Re:Well... (4, Insightful)

GOD_ALMIGHTY (17678) | more than 9 years ago | (#10214696)

Uhhh.... yeah it's the Democrats who came up with this horrible tactic.

It's the dems trying to keep insanely far-right wing judges off the bench, using the RULES of the Senate. If you'd read the fine article, you see that they had confirmed over 160 of Bushes nominees and that these 10 are the most extreme of the total bunch he nominated. The GOP used the same tactic against Clinton, but now it's the Dems who came up with this "crazy idea"?

Please explain how the Democrats are trying to get rid of democracy. I do love tinfoil hat inspired rants.

At least it's evidence... (1, Insightful)

Slime-dogg (120473) | more than 9 years ago | (#10214441)

At least this is evidence that republican politicians are doing something. Heck, they are even attending.

The lack of news concerning democrat politicians is disturbing.

Then again, this whole story is basically a long-winded way of sayind "The system of checks and balances still works!"

A haha. (1, Insightful)

Anonymous Coward | more than 9 years ago | (#10214500)

They also purposefuly change meeting scheduals to dates they know some democrats can't attend.

And of meetings on intelligence, which ones do you think the work gets done in? The public ones? No. It's so funny. The ads tell you their misleading, and yet you believe the voice over for what it says it is. You can't put forth the effort to read a score of words, most of which are read for you, and you think you've something say, that's worth hearing? Quaint.

Re:At least it's evidence... (1)

gwynnebaer (319816) | more than 9 years ago | (#10214552)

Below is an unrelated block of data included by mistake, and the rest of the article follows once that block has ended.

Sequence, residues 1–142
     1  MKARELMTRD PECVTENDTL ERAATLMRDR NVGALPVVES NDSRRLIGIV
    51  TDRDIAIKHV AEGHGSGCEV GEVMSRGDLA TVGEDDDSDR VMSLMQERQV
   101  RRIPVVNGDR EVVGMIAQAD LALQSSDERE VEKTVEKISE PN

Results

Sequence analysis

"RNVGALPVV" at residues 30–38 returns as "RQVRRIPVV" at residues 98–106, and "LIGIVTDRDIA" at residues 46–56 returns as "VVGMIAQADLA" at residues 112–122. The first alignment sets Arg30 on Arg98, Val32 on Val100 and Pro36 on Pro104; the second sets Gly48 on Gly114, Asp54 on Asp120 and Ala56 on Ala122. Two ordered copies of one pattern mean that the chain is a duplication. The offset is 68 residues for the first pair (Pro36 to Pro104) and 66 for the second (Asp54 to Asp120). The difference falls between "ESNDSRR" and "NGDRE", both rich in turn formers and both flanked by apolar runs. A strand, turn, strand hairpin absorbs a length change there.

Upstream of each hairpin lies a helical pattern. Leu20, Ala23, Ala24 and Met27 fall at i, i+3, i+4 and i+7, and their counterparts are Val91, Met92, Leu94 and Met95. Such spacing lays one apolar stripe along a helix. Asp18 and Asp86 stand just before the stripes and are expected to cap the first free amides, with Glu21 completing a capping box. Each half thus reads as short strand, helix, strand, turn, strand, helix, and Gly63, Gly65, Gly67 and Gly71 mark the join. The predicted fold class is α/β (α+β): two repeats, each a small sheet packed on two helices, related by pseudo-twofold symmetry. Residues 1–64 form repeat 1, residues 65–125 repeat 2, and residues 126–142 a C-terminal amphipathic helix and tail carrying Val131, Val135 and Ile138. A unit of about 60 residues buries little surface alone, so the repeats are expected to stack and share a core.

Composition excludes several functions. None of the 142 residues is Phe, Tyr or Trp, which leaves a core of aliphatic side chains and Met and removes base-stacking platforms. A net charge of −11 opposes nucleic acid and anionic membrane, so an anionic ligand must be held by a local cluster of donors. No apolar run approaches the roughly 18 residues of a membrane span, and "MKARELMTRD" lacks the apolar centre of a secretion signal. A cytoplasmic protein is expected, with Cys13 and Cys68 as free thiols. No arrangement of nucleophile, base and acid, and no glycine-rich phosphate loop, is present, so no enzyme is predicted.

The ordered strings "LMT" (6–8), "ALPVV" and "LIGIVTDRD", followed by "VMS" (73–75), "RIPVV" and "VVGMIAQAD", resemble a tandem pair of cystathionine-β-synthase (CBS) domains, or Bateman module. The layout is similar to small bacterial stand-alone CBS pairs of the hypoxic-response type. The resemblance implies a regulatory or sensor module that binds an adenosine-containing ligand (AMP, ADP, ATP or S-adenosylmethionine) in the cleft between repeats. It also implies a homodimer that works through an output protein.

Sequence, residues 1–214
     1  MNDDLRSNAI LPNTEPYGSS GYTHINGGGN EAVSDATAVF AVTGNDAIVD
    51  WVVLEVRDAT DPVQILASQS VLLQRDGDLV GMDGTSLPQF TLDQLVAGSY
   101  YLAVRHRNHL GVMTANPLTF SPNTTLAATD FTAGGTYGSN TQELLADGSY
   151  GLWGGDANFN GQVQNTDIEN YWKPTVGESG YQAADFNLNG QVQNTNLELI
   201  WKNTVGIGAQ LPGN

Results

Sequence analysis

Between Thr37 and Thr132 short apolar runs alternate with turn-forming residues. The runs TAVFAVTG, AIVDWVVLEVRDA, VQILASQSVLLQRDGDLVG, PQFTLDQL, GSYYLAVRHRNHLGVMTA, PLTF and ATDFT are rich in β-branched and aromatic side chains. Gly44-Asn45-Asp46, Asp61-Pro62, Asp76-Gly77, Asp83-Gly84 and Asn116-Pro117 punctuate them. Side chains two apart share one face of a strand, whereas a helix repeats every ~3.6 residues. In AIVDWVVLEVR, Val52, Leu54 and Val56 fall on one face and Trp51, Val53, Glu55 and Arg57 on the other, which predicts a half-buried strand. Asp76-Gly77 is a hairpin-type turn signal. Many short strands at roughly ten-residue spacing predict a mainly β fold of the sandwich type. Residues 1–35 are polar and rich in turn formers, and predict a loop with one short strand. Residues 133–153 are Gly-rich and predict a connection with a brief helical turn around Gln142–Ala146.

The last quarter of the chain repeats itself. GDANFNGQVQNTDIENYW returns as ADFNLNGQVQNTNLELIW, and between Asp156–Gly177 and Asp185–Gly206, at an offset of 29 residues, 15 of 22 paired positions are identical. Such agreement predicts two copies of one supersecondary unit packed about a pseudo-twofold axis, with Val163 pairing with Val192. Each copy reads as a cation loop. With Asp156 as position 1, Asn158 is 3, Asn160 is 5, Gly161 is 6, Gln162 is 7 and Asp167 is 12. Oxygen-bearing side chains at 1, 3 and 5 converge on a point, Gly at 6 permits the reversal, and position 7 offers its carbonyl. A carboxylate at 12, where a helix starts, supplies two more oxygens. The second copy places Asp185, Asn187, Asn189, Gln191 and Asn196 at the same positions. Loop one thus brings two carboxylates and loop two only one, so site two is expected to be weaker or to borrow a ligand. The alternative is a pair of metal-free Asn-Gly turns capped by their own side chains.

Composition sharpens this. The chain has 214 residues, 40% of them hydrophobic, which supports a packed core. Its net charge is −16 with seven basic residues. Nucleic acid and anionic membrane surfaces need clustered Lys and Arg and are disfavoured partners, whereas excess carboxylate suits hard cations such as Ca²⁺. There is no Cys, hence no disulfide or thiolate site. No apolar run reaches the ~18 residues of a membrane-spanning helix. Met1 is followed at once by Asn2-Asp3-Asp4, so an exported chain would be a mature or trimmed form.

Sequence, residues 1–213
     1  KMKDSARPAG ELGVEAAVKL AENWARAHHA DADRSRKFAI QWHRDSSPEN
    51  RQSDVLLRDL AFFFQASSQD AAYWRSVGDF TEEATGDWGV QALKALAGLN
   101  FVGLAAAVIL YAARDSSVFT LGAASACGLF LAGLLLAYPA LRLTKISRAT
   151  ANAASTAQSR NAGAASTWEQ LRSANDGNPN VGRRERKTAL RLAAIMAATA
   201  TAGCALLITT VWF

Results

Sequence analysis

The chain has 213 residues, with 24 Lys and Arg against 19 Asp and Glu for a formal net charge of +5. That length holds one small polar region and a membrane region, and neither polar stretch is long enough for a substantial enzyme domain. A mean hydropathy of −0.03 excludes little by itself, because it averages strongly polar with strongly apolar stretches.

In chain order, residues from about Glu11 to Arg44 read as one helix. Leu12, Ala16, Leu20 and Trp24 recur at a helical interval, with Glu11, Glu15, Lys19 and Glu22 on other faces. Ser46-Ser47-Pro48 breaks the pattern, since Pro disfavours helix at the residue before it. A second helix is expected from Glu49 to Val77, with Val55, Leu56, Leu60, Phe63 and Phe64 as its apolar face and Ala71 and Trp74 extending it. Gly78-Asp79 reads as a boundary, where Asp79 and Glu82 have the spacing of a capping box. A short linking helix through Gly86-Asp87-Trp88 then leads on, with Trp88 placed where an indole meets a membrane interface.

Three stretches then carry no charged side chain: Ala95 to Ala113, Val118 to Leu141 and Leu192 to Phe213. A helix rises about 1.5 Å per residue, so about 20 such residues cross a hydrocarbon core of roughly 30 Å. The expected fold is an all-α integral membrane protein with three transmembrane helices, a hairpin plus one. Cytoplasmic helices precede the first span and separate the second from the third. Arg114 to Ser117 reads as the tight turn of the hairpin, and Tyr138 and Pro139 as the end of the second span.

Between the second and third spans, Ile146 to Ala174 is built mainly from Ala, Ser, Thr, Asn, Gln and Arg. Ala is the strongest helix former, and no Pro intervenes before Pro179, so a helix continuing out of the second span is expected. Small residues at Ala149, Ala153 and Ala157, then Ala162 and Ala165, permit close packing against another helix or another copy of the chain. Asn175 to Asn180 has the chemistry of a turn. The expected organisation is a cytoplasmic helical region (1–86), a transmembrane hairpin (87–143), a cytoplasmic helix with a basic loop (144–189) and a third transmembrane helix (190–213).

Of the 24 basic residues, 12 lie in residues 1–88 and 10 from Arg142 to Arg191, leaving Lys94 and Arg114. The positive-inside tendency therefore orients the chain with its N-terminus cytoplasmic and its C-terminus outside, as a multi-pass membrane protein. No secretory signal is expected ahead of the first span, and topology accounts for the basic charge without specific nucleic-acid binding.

You're crazy to think that the system still works. The judicial system that you suppose is providing the checks and balances is the very system the Republicans are hoping to stack in their ideological if not political favor. How much of a balance is it when the Senate commits this kind of blatant corruption and the judicial system just says "it's ok with us"? Think about the level of mistrust exists with the average American when it comes to politicians. Do you want that level to be assigned to the judicial system as well?

Re:At least it's evidence... (2, Interesting)

macrealist (673411) | more than 9 years ago | (#10215213)

I heard a story this morning on NPR that disturbs me. It seems that a "Family Rights" group is fighting a law in California that allows same sex unions, and recently the law was upheld by a judge in Sacramento. The "Family Rights" groups response: start a campaign to recall the judge.

What ever you think of same sex marriages, this is the wrong way to fight the battle. FUD on a political scale. I haven't investigated the story in any further detail, but in the interview with the lead of the "Family Rights" group, he was very open about the fact that the reason that he was starting the recall was because of the judge's decision. FUD! FUD! FUD! The next judge will think twice, not wanting to deal with a recall, before weighing an opinion or decision against this group. THIS BREAKS our checks and balance system.

Stacking the courts in a sneaky way is not new in our political system. Yes, it is questionable, but this group of Senators aren't the first to try it. The interesting thing about it, though, is they wouldn't be trying so hard now if they thought that Pres. Bush would be the Pres. for another term and that they would remain the majority in the Senate. Not exactly a vote of confidence.

Re:At least it's evidence... (-1, Troll)

stevew (4845) | more than 9 years ago | (#10215378)

You REALLY need to get your facts straight...or maybe NPR does... now THERE is a surprise.

In CA same sex mariages are illegal. They have been illegal for awhile, and the most recent decision I've heard is where the judge threw out all of the marriages performed in SF.

Now maybe some day the people of CA will decide otherwise, but right now that is the case. It's also possible that a judge will overturn that law - though it is also the wishes of a rather large majority (60%+) as of a few years ago via the CA initiative process.

Note - marriages are different from domestic partners here. A marriage is defined as between a man and a woman. That's it. Same sex couples have most of rights here that married people do - likely not all rights, but most.